Trouble in the Homeland
The Platinum Dragon, King of the Good Dragons, Master of the North Wind
Symbol: Star above a milky nebula
Home Plane: Celestia
Alignment: Lawful good
Portfolio: Good dragons, wind
Worshipers: Good dragons,
anyone seeking protection
from evil dragons
Cleric Alignments: LG, NG
Domains: Air, Good, Luck,
Favored Weapon: Claw
Bahamut (bah-hahm-ut) is revered in many locales. Though all
good dragons pay homage to Bahamut, gold, silver, and brass
dragons hold him in particularly high regard. Other dragons, even
evil ones (except perhaps his archrival Tiamat), respect Bahamut
for his wisdom and power.
In his natural form, Bahamut is a long, sinuous dragon covered
in silver-white scales that sparkle and gleam even in the dimmest
light. Bahamut’s catlike eyes are deep blue, as azure as a midsummer
sky, some say. Others insist that Bahamut’s eyes are a
frosty indigo, like the heart of a glacier. Perhaps the two accounts
merely reflect the Platinum Dragon’s shifting moods.
Bahamut is stern and very disapproving of evil. He brooks no
excuses for evil acts. In spite of this, he is among the most compassionate
beings in the multiverse. He has limitless empathy for
the downtrodden, the dispossessed, and the helpless. He urges
his followers to promote the cause of good, but prefers to let beings
fight their own battles when they can. To Bahamut, it is better to
offer information, healing, or a (temporary) safe refuge rather than
to take other’s burdens upon oneself.
Bahamut is served by seven great gold wyrms that often
accompany him or one of his avatars.
Clergy and Temples
Bahamut has few clerics and even fewer temples. He accepts only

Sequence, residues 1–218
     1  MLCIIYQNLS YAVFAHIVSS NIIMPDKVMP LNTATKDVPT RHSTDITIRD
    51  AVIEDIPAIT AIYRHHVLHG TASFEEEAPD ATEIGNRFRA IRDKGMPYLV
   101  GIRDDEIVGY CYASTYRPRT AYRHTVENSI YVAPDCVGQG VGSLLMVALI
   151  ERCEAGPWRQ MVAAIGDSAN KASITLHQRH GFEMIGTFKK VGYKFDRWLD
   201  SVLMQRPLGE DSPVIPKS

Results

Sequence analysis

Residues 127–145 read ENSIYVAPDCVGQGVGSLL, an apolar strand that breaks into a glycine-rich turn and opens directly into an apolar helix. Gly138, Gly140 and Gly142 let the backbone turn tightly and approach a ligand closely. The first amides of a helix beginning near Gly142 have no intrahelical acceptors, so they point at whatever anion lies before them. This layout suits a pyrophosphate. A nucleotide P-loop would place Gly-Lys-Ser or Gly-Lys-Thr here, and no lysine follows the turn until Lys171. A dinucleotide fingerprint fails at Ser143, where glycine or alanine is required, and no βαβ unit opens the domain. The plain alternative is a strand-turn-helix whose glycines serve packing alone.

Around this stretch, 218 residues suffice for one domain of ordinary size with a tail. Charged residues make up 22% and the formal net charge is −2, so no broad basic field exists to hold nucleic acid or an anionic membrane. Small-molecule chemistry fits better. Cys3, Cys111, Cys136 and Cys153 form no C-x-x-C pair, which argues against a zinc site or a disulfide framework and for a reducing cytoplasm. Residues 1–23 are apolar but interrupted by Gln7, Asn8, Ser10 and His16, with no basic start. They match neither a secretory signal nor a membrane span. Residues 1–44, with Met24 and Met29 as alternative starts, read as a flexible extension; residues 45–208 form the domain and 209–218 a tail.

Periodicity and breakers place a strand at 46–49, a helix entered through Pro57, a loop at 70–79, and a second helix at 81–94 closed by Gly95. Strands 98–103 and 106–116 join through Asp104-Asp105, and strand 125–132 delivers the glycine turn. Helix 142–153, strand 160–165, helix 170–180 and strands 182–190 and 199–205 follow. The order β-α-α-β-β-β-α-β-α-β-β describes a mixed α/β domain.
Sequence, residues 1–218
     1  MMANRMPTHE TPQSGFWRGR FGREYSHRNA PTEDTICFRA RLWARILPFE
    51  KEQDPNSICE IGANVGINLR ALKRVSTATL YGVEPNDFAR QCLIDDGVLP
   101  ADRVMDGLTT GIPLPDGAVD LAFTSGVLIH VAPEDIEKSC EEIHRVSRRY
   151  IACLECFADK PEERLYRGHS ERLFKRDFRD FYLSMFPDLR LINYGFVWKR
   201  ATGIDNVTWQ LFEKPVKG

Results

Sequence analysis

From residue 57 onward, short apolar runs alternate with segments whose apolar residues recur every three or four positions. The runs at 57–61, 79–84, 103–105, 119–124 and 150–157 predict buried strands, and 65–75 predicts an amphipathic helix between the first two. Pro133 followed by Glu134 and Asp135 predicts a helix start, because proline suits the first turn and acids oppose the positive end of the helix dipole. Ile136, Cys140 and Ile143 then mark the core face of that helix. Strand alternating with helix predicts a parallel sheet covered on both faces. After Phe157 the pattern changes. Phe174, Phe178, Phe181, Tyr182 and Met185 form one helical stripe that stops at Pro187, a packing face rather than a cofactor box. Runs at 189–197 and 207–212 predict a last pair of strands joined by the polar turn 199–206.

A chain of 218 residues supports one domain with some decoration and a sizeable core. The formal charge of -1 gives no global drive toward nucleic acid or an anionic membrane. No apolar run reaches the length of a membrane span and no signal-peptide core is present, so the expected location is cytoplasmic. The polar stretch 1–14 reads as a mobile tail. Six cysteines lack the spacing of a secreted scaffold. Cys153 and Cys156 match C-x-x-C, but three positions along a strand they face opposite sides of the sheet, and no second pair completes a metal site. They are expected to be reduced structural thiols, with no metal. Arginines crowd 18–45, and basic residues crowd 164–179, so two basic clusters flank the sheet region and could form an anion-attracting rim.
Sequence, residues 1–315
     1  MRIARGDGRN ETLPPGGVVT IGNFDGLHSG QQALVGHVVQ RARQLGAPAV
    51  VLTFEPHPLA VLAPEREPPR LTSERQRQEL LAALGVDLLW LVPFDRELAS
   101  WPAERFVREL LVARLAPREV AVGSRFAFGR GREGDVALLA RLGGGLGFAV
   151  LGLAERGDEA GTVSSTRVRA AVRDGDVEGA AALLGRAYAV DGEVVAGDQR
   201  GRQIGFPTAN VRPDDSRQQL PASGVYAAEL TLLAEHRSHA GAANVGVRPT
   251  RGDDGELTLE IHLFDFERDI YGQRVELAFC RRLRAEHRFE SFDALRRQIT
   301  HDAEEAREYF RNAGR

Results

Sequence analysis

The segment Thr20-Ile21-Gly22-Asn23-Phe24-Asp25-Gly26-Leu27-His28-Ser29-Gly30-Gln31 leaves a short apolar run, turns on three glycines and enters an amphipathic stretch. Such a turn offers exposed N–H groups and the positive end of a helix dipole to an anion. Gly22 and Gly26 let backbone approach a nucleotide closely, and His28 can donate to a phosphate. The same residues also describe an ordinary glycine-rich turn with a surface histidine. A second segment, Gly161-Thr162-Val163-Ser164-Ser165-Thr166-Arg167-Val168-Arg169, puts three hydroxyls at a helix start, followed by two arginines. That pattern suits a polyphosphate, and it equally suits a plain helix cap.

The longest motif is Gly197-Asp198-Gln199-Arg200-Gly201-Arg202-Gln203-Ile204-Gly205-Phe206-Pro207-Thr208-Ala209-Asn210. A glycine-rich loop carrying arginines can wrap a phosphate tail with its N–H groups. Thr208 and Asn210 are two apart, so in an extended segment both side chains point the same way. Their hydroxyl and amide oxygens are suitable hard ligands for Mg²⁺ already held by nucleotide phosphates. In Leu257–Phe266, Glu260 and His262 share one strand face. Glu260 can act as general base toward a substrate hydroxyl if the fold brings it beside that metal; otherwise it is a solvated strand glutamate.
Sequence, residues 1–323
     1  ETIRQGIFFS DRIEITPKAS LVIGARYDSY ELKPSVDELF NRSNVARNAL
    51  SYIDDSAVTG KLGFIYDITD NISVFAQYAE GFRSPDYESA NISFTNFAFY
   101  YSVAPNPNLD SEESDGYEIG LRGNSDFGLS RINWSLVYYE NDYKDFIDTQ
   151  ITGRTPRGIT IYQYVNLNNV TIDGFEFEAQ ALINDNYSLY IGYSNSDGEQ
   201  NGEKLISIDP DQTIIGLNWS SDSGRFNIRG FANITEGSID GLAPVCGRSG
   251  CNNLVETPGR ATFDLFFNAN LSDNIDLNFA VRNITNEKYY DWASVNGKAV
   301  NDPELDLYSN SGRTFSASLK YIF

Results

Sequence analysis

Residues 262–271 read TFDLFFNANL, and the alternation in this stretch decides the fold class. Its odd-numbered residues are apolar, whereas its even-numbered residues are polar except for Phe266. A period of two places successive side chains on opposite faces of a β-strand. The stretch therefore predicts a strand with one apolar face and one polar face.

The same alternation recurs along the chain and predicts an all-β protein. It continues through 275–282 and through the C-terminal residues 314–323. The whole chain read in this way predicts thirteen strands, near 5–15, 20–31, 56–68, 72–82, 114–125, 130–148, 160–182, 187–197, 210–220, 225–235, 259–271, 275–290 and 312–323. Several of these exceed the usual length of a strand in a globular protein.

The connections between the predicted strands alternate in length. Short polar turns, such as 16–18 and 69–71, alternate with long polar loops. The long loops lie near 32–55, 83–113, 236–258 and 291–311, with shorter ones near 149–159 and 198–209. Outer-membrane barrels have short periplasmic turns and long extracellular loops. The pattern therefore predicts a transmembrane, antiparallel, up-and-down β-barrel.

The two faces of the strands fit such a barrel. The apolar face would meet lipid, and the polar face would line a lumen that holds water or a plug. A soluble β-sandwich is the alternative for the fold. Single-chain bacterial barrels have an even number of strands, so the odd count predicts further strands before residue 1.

good clerics. Clerics of Bahamut, be they dragons, half-dragons, or
other beings attracted to Bahamut’s philosophy, strive to take constant,
but subtle action on behalf of good, intervening wherever they
are needed but striving to do as little harm in the process as possible.
Many gold, silver, and brass dragons maintain simple shrines to
Bahamut in their lairs, usually nothing more elaborate than
Bahamut’s symbol scribed on a wall.
Bahamut visits the world often, usually in the guise of an old, old
man or a callow youth. He is always accompanied by an honor
guard of seven great gold wyrms who take the forms of fellow travelers
or animals. Bahamut keeps a wary eye out for the machinations
of Tiamat, taking whatever actions he deems necessary to
check the spread of her influence and to undo whatever damage
she has done. Bahamut never turns his back on a lawful good creature
in peril, but seldom intervenes directly if Tiamat is not
involved. Instead, he offers healing, advice, or information.
Bahamut is the old hermit whose subtle prophecy unlocks a great
mystery (provided the players are wise enough to use and recognize
the clue), or the kind stranger who offers a safe refuge or that
badly needed spell.
Bahamut’s wanderings have given rise to many bards’ tales, the
best known of which relates a roadside meeting with an unassuming
old man and his flock of seven trained canaries. None would
have been the wiser, says the tale, had a band of ogres led by an ogre
mage not swept down upon the crowd.